That’s a task experts say can be difficult provided the Black and Asian communities have had a rocky relationship.
Rewind the clock to 1992, the year of the LA riots, and also the time in which Oxford University researchers call the “black-Korean conflict.”
On one hand, African Americans believed that Koreans would intentionally not hire blacks, in addition to holding an unfavorable perception of them. Koreans, on the other hand, believed that Black people were poor, violent, and lazy, according to scholars.
The tension only escalated on a day that became known as “Sa-i-gu” to Korean-Americans.
April 29, 1992: it’s the day four white police officers were found not guilty in the beating of Rodney King.
As a result, riots emerged throughout all of Los Angeles, including the Koreatown neighborhood. These incidents of violence were not limited to just the Black and white communities.
They also involved Korean Americans whose businesses ended up being targeted, burned to the ground and looted.
According to Shelley Sang-Hee Lee, an Oxford University researcher, “the riots furthermore marked a turning point that placed Asian immigrants and Asian Americans at the center of new conversations about social relations in a multiracial America, the place of new immigrants, and the responsibilities of relatively privileged minorities toward the less privileged.”
To this day, anti-black sentiments still ring within the Asian community and vice versa.
Still, throughout history, both communities have experienced different variations of racism.
Wake says that shouldn’t be an excuse for not taking a stand against racism, instead, it should be a reason for coming together.
“At least if we can understand the variation (of racism) is coming from the same source, it can encourage people to come together,” said Wake.
There has been speculation of whether policing and increased boots on the ground will keep people of color safer.
After the 84-year-old Thai man was attacked in San Francisco, the city increased police patrols in Chinatown.
Professor Wake said policing is only a temporary solution and a “very uneconomic and eventually ineffective way to make our communities and societies a safer place for everyone.”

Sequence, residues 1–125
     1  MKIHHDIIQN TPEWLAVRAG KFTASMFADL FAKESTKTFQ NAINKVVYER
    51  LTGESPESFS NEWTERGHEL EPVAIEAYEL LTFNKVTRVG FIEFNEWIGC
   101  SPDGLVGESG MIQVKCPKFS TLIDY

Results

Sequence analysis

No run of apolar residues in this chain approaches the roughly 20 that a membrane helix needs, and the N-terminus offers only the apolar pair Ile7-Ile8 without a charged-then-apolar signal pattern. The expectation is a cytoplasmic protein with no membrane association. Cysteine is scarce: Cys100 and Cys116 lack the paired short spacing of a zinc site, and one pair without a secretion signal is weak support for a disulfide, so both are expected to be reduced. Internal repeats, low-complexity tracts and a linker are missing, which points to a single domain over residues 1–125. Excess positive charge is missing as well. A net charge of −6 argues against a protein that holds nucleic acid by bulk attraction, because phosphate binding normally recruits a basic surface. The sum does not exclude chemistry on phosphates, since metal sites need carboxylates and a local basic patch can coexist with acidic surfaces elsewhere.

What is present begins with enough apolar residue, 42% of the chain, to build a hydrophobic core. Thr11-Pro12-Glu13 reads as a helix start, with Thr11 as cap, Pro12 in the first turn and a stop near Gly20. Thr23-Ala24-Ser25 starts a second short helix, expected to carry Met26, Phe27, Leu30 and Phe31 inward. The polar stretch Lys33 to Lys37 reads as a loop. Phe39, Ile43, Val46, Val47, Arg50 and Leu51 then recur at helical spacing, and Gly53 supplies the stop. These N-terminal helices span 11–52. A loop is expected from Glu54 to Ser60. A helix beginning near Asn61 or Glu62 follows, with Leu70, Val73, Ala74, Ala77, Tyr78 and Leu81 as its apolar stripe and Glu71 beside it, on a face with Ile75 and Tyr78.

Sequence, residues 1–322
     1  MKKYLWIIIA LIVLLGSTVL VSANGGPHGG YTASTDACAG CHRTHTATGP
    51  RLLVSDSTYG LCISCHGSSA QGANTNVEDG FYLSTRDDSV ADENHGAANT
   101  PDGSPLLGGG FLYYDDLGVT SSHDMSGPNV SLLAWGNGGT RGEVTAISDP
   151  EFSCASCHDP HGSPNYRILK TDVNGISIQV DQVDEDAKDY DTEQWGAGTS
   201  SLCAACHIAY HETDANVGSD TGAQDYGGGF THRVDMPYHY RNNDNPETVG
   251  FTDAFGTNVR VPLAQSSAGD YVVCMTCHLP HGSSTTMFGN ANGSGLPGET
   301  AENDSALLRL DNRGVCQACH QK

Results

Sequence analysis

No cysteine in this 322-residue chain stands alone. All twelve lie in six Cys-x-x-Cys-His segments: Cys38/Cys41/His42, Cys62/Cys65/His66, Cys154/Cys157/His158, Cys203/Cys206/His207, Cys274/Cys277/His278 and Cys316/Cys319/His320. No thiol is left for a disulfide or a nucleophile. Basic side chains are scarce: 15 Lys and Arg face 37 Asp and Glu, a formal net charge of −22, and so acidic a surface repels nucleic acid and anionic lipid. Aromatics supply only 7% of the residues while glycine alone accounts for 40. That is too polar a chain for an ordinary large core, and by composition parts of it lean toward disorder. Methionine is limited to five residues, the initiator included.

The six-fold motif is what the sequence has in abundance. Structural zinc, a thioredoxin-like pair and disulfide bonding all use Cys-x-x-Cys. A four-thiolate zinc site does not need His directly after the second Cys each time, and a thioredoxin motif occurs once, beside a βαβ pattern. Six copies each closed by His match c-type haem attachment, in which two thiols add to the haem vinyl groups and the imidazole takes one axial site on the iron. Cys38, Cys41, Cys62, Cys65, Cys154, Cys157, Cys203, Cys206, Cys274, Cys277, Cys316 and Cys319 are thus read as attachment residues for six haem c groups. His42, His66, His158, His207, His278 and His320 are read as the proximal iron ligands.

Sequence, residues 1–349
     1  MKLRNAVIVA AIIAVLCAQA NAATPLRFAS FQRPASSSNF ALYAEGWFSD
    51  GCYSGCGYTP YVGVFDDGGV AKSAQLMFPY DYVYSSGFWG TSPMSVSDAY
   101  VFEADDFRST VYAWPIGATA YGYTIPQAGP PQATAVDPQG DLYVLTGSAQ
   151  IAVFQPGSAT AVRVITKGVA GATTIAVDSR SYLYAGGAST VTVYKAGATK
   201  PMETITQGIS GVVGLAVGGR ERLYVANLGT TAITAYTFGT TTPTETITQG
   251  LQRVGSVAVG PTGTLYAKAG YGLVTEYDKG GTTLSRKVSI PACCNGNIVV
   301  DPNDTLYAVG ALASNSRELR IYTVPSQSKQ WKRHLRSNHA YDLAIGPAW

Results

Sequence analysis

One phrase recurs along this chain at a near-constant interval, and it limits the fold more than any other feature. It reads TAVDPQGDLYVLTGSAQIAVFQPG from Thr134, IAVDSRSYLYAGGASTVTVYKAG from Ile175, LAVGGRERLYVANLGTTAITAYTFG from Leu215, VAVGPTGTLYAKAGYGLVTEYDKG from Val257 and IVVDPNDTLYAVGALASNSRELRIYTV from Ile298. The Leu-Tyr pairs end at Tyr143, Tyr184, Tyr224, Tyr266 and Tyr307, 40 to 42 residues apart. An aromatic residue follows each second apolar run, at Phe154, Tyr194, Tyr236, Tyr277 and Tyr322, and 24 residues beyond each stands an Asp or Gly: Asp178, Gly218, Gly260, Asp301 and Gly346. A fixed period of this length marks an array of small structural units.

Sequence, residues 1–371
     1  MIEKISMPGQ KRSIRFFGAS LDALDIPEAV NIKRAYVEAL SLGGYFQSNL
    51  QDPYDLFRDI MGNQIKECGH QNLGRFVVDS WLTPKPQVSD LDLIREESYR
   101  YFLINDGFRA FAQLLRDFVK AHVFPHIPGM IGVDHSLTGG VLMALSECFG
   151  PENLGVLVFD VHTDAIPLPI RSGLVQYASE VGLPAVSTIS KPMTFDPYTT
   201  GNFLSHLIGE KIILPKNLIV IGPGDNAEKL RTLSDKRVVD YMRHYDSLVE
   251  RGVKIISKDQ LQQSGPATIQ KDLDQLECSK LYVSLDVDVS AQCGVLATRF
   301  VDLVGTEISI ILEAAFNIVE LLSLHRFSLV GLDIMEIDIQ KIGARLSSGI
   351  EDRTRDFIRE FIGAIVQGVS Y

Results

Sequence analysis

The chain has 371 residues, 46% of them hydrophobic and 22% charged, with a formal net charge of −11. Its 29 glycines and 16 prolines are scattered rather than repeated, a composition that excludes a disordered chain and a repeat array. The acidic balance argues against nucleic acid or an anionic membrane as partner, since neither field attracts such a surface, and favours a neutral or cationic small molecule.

She said policing can result in fear of abuse and violence that already does exist within many Black communities.
“As you increase the police force, you are giving up your autonomy to police or military to an authoritarian state, you are giving up your own ability to mobilize and be connected with other community members,” she said.
Instead, she said a better way to make your community a safer place is to build from the ground up.
The first step is getting to know the people who live near you, she said. From there, people of color can protect one another so police do not have to.
“If you don’t know your neighbors, if you haven’t talked with them, you can’t build a community…I see the community safety expanding from there and making personal connections as the most foundational and most effective and eventually most economical way of securing everyone’s wellbeing so that we can prevent the violence from happening.”
She said a large part of the racism, xenophobia, and micro-aggressions are based on a lack of understanding and lack of empathy for each other.
“So, if you get to know each other as friends, colleagues or just community members, I think that helps a lot.”
MSU’s Asian Pacific American Student Organization recently held a panel discussion on Vice President Kamala Harris and how her visibility as a biracial, South Asian – Black woman advances the mission of both Asian and Black communities in having a voice.
- Asian Americans Advancing Justice records hate crimes and hate/bias incidents in English, Chinese, Korean, and Vietnamese.
- Asian Pacific Policy & Planning Council (A3PCON) records hate crimes and hate/bias incidents in English, Chinese, Korean, Thai, Japanese, Vietnamese, Khmer, Punjabi, Tagalog, Hmong, and Hindi.
- Muslim Advocates records hate crimes and hate/bias incidents against the American Muslim community.
- OCA-Asian Pacific American Advocates records hate crimes and hate/bias incidents in English.
- Sikh Coalition records hate crimes and hate/bias incidents against the Sikh American community.
- South Asian Americans Leading Together (SAALT) records hate crimes and hate/bias incidents against the South Asian, Sikh, Muslim, and Arab communities.